Sales of previously owned U.S. homes fell to the weakest pace in more than three years, falling short of estimates and indicating the housing market remained in a slowdown as the year ended.
Contract closings decreased 6.4 percent from the prior month to an annual rate of 4.99 million in December, the National Association of Realtors said Tuesday. The median sales price rose 2.9 percent from a year earlier, the least since February 2012, to $253,600, while inventory increased.
The latest results brought the 2018 tally to 5.34 million, the weakest pace since 2015. Analysts expect economic growth last quarter got little help from the industry.
Declines in both single-family and condominium sales indicate the residential real estate industry was struggling to gain traction as elevated property values and a lack of affordable listings discouraged buyers, though more inventory has become available compared with past years.
While home-price growth is cooling, it’s been outpacing gains in worker pay for several years. That’s kept buying out of reach for many Americans, especially young people who are also saddled with student loans.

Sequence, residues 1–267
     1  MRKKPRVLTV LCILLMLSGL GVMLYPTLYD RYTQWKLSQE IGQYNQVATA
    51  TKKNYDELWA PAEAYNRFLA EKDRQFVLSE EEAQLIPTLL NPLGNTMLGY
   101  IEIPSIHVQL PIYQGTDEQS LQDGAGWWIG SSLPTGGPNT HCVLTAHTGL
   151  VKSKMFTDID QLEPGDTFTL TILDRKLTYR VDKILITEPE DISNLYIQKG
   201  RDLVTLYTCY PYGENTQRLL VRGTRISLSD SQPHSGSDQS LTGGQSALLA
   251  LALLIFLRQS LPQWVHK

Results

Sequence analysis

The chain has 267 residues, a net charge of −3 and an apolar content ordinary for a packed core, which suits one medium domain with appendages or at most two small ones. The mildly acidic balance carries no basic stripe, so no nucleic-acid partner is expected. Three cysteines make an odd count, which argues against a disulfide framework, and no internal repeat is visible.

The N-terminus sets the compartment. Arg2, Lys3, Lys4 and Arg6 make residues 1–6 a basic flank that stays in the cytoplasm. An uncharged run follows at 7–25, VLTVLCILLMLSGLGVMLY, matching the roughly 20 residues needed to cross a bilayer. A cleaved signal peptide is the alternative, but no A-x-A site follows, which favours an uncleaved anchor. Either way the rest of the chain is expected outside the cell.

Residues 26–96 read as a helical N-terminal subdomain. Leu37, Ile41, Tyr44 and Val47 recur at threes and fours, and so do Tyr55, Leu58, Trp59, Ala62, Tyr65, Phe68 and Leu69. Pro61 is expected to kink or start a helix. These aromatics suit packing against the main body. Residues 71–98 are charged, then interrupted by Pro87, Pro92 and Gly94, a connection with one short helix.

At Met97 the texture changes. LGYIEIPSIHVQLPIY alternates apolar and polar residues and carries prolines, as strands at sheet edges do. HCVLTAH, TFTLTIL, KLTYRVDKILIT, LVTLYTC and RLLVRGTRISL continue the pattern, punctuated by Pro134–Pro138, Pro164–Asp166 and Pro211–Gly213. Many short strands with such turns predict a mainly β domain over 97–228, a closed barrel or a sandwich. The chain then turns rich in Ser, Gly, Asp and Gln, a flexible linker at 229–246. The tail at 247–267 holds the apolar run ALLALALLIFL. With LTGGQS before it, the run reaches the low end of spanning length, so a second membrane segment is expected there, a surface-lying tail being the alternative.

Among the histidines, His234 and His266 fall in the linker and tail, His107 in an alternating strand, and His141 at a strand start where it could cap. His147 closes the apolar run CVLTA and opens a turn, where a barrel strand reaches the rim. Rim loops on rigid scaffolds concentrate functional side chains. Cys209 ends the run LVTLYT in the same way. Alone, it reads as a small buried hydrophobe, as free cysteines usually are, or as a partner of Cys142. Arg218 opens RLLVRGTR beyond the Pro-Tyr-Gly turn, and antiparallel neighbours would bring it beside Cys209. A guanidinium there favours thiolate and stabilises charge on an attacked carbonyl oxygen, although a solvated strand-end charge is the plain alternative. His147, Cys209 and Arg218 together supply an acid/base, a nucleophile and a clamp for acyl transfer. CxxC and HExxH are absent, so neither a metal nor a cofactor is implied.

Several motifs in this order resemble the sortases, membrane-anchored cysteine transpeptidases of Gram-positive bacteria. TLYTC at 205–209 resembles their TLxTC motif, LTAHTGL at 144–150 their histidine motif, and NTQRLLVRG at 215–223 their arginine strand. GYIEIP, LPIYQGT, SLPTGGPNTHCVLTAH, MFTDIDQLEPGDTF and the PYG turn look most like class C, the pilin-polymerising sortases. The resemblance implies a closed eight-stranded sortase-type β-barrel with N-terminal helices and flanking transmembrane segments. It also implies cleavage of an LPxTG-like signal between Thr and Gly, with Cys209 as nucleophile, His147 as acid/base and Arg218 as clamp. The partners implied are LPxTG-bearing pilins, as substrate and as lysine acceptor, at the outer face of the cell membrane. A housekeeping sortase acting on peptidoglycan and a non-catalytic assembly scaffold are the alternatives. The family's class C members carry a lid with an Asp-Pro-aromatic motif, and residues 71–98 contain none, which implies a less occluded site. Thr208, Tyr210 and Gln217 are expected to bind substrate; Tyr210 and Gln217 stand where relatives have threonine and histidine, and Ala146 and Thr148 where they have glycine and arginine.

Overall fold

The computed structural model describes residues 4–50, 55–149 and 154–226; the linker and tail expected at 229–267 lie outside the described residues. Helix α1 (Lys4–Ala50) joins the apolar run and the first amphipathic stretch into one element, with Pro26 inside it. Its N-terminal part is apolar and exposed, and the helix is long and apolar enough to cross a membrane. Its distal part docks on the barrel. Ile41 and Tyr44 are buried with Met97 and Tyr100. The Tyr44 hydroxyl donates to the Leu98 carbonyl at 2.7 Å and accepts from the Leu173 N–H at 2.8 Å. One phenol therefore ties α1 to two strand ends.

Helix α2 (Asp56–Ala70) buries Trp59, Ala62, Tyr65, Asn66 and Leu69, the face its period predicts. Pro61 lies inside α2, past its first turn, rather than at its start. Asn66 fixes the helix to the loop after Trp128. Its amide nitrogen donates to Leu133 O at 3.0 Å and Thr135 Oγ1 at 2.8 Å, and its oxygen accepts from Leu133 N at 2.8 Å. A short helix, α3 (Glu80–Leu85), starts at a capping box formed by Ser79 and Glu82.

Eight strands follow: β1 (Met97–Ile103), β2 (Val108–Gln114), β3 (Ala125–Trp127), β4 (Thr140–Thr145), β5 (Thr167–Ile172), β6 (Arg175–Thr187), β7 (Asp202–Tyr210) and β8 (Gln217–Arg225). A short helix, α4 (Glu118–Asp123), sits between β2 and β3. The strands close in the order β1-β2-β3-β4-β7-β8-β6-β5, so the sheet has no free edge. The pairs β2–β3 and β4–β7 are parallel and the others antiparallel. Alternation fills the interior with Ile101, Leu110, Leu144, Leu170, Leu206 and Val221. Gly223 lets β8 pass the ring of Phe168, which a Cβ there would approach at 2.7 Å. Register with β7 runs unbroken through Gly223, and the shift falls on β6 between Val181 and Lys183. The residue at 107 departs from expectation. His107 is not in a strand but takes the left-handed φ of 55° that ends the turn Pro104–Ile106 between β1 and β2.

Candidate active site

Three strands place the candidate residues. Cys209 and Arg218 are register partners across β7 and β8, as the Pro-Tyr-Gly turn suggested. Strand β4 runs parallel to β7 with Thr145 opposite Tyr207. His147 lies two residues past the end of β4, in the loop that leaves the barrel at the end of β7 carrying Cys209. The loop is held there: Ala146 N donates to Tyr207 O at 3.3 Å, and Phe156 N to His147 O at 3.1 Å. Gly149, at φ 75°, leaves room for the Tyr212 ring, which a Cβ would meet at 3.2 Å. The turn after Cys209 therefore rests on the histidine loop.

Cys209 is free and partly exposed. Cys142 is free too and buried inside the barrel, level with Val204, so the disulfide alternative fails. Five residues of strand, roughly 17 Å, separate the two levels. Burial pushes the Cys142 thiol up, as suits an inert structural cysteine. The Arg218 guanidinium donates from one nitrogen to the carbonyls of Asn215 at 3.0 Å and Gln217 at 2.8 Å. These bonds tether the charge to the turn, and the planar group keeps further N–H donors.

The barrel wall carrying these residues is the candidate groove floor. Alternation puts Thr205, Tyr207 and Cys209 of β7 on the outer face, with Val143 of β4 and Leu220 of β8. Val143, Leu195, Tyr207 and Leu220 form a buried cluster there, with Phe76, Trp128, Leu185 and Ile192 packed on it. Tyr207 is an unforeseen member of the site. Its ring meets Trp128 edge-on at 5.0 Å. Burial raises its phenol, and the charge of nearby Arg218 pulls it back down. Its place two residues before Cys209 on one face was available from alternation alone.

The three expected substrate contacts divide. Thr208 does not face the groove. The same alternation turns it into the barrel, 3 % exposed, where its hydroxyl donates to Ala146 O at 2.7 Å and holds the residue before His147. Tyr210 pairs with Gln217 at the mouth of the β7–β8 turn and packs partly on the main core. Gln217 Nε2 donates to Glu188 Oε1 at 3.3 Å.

Nonetheless, a tight labor market is underpinning demand. “Affordability is more important than jobs,” NAR Chief Economist Lawrence Yun said at a briefing in Washington, referring to the softer results despite a strong labor market.
Several consecutive months of rising inventory could lead to more-tepid price gains, Yun said in a statement, adding that lower mortgage rates also may revive sales in the spring. Borrowing costs are near the lowest since April, and loan applications have surged in recent weeks.
The NAR report is likely to be more closely monitored than usual as the government shutdown has delayed the release of key official data such as on housing and residential construction.
So far, a majority of realtors are reporting little impact from the closure, Yun told reporters. Home purchases fell in all four regions, led by a 11.2 percent decline in the Midwest and 6.8 percent drop in the Northeast.
Economists surveyed by Bloomberg had projected a 1.5 percent decline in sales to a 5.24 million pace. At the current pace, it would take 3.7 months to sell all homes on the market, down from 3.9 months in November though higher than a year earlier; Realtors see less than five months of supply as a sign of a tight market.
Existing-home sales account for about 90 percent of U.S. housing and are calculated when a contract closes. New home sales make up the remainder of the market and are seen as timelier, because they’re counted when contracts are signed. Those figures are currently being delayed, however, because of the shutdown.